Cosmic Foresight

There exist five Platonic solids of perfect symmetry. Three (the tetrahedron, octahedron and icosahedron) have triangular faces. One (the cube) has square faces. And one (the dodecahedron) has pentagonal (five-sided) faces. Plato believed that the first four solids corresponded to the four elements of which the world was thought to be composed: earth, air, fire, and water. The dodecahedron, however, corresponded to "quintessence" -- the element, according to Plato, of which the heavens were made. "God used this solid for the whole universe," he declared, "embroidering figures on it."

Fittingly, in October 2003, Jean-Pierre Luminet and his colleagues at the Paris Observatory published a paper in the esteemed journal Nature arguing, on the basis of data collected by a satelite called the Wilkinson Microwave Anisotropy Probe (WMAP), that the universe is, in fact, a dodecahedron!

[The Economist explains: "This American satellite has been examining the microwave radiation (Cosmic Microwave Background or Cosmic Background Radiation) generated shortly after the universe began. The wavelength of this radiation is remarkably pure, but like a musical note it has harmonics associated with it. These harmonics, like those of a note, reflect the shape of the object in which the waves were generated. In the case of the note, that object is a musical instrument. In the case of the microwave background, that object is the universe itself.

"The most widely accepted model of the universe suggests that it is both flat and infinite. In this case, flatness does not mean it is two-dimensional, but that the space of which it is composed has no large-scale curves in it. (Small curves induced by gravitational fields, and predicted by the theory of relativity, do exist.) WMAP's data are in close agreement with this model, but that agreement is not perfect. In particular, the second and third harmonics of the microwave radiation are weaker than expected. Dr Luminet's calculations suggest that this weakness can be explained if the universe is finite and dodecahedron-shaped. Of course, things are not quite that simple. Familiar dodecahedrons have an inside and an outside. What Dr Luminet is proposing is actually something called a dodecahedral space, first described by his countryman Jules-Henri Poincar? in the 19th century. Such a space has no boundary, even though it has a finite volume. But it is, quintessentially, a dodecahedron."]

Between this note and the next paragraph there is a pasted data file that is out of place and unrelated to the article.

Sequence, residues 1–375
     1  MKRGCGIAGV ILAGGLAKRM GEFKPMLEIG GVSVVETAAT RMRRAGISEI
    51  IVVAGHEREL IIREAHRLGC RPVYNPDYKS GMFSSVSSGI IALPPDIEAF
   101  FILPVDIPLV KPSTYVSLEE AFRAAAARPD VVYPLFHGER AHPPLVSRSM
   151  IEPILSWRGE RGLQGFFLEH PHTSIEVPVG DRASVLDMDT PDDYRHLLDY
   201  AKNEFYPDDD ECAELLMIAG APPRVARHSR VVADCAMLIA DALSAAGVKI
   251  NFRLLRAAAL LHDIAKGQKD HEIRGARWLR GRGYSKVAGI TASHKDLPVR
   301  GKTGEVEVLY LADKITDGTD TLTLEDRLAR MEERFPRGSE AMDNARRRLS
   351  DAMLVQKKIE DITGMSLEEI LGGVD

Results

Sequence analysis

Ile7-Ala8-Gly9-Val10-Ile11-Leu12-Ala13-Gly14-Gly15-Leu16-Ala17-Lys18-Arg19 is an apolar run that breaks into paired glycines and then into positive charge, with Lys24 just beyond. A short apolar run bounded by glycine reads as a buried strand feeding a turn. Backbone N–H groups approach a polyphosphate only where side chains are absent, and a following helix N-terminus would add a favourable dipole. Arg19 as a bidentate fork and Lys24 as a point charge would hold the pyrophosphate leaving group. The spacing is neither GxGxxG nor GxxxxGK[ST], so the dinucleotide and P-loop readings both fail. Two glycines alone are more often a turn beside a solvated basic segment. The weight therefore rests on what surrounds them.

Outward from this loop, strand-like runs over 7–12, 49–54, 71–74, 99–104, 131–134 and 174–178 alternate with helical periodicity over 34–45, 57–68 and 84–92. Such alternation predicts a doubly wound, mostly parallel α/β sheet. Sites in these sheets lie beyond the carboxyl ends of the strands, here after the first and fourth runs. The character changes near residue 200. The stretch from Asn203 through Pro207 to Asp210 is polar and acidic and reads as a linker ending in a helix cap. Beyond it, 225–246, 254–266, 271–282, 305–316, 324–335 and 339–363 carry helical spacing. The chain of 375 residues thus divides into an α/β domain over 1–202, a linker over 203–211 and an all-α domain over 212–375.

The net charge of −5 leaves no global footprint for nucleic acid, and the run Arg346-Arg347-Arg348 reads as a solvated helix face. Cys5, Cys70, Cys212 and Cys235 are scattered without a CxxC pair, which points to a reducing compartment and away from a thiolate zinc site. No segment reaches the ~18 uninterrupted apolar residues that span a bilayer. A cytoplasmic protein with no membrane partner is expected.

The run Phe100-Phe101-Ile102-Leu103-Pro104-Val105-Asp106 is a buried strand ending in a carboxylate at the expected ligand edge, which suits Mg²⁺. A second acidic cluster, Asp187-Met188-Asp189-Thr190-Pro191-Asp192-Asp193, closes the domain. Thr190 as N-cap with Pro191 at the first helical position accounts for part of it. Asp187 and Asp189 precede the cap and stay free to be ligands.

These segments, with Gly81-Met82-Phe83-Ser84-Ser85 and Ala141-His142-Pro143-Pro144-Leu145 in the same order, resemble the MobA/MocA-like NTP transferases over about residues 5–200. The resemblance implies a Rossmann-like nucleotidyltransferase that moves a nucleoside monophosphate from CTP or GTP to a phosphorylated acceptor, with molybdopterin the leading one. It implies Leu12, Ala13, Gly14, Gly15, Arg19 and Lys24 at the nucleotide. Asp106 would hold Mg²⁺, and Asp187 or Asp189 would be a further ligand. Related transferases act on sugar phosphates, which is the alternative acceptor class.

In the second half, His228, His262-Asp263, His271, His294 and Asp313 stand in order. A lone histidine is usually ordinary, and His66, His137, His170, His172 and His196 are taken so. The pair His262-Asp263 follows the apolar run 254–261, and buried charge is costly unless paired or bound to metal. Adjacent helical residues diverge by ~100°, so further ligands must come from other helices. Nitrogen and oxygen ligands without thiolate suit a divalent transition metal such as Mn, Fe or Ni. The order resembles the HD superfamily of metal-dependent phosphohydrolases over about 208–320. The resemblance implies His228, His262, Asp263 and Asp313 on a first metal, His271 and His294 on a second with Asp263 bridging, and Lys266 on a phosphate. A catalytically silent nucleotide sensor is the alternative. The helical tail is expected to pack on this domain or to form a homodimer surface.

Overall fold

[Plato, who considered mathematical abstractions to be the highest form of human thought, had an inscription placed over the entrance to the Academy in Athens: "Let no one ignorant of mathematics enter here."]

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